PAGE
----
sugar phosphate backbone of natural nucleic acid has been replaced by a synthetic peptide backbone, resulting in an
achiral and uncharged mimic. Due to the uncharged nature of PNA,
PNA-DNA duplexes show a better thermal stability
respect the DNA-DNA equivalents. In this work, we used an optical biosensor, based on the porous silicon (PSi)
nanotechnology, to detect PNA-DNA interactions. PSi optical sensors are based on changes of reflectivity spectrum
when they are exposed to the target analytes. The porous silicon surface was chemically modified to covalently link the
PNA which acts as a very specific probe for its ligand (<i>c</i>DNA).
A direct laser writing process has been exploited to fabricate a high order Bragg grating on the surface of a porous
silicon slab waveguide. The transmission spectrum of the structure, characterized by a pitch of 10 µm, has been
investigated by end-fire coupling on exposure to vapor substances of environmental interest. The analyte molecules
substitute the air into the silicon pores, due to the capillary condensation phenomenon, and the transmitted spectrum of
the grating shifts towards higher wavelengths. The experimental results have been compared with the theoretical
calculations obtained by using the transfer matrix method together with the slab waveguide modal calculation.
Micro-total-analysis-systems and lab-on-chip are more than promises in lot of social interest applications such as clinical
diagnostic or environmental monitoring. There is an increasing demand of new and customized devices with better
performances to be used in very specific applications. Nanostructured Porous silicon is a functional material and a
versatile platform for the fabrication of integrated optical microsystems to be used in biochemical analysis. Our research
activity is focused on the design, the fabrication and the characterization of several photonic porous silicon based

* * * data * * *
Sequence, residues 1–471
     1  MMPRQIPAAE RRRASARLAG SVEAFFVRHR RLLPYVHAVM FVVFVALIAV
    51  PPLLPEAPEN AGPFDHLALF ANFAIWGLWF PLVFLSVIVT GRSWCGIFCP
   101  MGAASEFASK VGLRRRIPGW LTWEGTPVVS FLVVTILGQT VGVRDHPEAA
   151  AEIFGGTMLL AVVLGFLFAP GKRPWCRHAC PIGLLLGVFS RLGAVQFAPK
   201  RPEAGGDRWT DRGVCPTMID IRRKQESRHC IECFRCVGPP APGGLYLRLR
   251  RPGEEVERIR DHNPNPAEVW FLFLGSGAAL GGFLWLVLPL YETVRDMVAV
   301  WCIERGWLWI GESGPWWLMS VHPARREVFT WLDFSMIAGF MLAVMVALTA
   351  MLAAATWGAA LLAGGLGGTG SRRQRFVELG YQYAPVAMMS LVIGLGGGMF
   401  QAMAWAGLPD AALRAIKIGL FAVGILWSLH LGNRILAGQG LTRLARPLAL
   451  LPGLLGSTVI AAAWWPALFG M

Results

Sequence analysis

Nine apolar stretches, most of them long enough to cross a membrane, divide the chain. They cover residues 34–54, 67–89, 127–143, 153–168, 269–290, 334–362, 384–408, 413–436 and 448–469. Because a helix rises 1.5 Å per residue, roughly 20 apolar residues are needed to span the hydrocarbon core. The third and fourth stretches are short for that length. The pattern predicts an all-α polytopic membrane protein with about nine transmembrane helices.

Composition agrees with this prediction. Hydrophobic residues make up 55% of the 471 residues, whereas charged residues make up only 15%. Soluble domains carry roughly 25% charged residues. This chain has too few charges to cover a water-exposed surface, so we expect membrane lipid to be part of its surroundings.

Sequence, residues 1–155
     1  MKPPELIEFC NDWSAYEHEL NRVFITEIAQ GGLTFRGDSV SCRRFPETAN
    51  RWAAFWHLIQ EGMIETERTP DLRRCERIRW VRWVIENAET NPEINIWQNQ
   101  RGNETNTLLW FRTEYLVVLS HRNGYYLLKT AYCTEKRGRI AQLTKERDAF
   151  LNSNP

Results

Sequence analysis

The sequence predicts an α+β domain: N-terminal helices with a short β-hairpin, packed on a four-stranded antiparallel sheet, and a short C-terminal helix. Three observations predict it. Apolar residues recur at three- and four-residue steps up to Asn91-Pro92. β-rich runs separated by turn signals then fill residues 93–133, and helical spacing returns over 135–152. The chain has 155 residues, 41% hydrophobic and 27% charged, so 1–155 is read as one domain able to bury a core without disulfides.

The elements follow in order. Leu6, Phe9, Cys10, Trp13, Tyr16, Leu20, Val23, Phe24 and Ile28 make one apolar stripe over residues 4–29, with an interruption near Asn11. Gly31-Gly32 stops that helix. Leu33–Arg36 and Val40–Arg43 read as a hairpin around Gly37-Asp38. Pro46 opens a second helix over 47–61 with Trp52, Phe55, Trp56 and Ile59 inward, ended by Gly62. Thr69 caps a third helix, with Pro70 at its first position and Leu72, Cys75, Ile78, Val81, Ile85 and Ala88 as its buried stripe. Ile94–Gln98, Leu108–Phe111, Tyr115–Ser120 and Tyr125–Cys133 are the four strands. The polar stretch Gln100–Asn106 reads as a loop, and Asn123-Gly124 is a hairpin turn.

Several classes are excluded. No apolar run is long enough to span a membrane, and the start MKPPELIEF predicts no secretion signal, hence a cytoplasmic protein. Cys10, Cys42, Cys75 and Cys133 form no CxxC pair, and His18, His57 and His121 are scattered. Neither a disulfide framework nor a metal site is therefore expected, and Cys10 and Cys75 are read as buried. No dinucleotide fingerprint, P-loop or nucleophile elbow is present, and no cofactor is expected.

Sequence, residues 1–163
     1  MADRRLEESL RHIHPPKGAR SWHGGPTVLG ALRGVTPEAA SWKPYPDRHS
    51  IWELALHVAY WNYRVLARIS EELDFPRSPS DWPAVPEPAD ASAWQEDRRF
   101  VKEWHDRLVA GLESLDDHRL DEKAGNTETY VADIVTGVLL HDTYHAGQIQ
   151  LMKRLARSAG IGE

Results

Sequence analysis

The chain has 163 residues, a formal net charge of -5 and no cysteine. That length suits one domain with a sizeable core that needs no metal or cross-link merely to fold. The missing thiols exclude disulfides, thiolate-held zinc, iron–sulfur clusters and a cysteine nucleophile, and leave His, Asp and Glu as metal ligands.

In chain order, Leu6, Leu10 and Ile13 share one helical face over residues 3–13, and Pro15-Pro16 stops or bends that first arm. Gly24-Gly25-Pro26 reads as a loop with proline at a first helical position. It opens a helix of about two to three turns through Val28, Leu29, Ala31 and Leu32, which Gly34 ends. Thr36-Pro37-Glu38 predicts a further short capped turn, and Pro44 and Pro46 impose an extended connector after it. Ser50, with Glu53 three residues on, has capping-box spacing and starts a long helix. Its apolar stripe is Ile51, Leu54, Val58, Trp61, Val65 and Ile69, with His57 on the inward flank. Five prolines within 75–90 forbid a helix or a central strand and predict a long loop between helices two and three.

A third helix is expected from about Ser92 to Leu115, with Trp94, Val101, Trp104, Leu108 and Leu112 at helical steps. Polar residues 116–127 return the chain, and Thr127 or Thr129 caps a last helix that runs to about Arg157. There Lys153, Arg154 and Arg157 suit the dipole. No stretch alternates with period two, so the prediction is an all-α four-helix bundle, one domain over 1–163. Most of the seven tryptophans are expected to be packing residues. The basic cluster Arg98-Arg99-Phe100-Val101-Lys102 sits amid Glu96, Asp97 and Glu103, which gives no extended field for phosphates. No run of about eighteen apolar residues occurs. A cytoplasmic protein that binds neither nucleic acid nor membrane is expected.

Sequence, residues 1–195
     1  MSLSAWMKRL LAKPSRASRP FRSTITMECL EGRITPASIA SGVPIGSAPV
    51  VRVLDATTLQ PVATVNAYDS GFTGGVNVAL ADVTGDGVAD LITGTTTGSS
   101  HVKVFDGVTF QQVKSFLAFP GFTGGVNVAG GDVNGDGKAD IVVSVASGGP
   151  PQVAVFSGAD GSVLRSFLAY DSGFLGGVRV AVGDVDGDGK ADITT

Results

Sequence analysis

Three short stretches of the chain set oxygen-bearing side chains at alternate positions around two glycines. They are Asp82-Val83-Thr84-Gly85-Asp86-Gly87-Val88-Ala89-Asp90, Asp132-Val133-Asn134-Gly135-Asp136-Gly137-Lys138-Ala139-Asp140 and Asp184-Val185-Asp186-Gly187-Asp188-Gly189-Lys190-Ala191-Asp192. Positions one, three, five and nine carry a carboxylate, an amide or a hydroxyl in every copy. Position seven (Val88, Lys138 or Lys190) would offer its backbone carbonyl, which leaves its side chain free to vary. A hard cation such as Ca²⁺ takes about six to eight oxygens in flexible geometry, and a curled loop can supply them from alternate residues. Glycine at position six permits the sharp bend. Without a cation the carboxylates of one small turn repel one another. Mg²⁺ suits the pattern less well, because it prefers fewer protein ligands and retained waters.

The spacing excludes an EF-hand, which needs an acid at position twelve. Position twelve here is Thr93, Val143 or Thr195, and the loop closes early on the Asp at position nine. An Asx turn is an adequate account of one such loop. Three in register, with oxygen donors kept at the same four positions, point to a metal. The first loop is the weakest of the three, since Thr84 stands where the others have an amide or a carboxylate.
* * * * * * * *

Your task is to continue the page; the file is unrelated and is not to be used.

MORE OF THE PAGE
structures, which are used in the sensing of specific molecular interactions. To integrate the porous silicon based optical
transducer in biochip devices we have modified standard micromachining processes, such as anodic bonding and photo-patterning,
in order to make them consistent to the utilization of biological probes.
In this work, an integrated optical microsystems for the continuous detection of flammable liquids has been fabricated
and characterized. The proposed system is composed of a the transducer element, which is a vertical silicon/air Bragg
mirror fabricated by silicon electrochemical micromachining, sealed with a cover glass anodically bonded on its top. The
device has been optically characterized in presence of liquid substances of environmental interest, such as ethanol and
isopropanol. The preliminary experimental results are in good agreement with the theoretical calculations and show the
possibility to use the device as an optical sensor based on the change of its reflectivity spectrum.
The interaction between an analyte and a biological recognition system is normally detected in biosensors by the
transducer element which converts the molecular event into a measurable effect, such as an electrical or optical signal.
Porous silicon microstructures have unique optical and morphological properties that can be exploited in biosensing. The
large specific surface area (even greater than 500 m<sup>2</sup>/cm<sup>3</sup>) and the resonant optical response allow detecting the effect of
a change in refractive index of liquid solutions, which interact with the porous matrix, with very high sensitivity.
Moreover, the porous silicon surface can be chemically modified to link the bioprobe which recognize the target
analytes, in order to enhance the selectivity and specificity of the sensor device. The molecular probe we used was
purified by an extremophile organism, <i>Thermococcus litoralis</i>: the protein is very stable in a wide range of temperatures
even if with different behavior respect to the interaction with the ligand.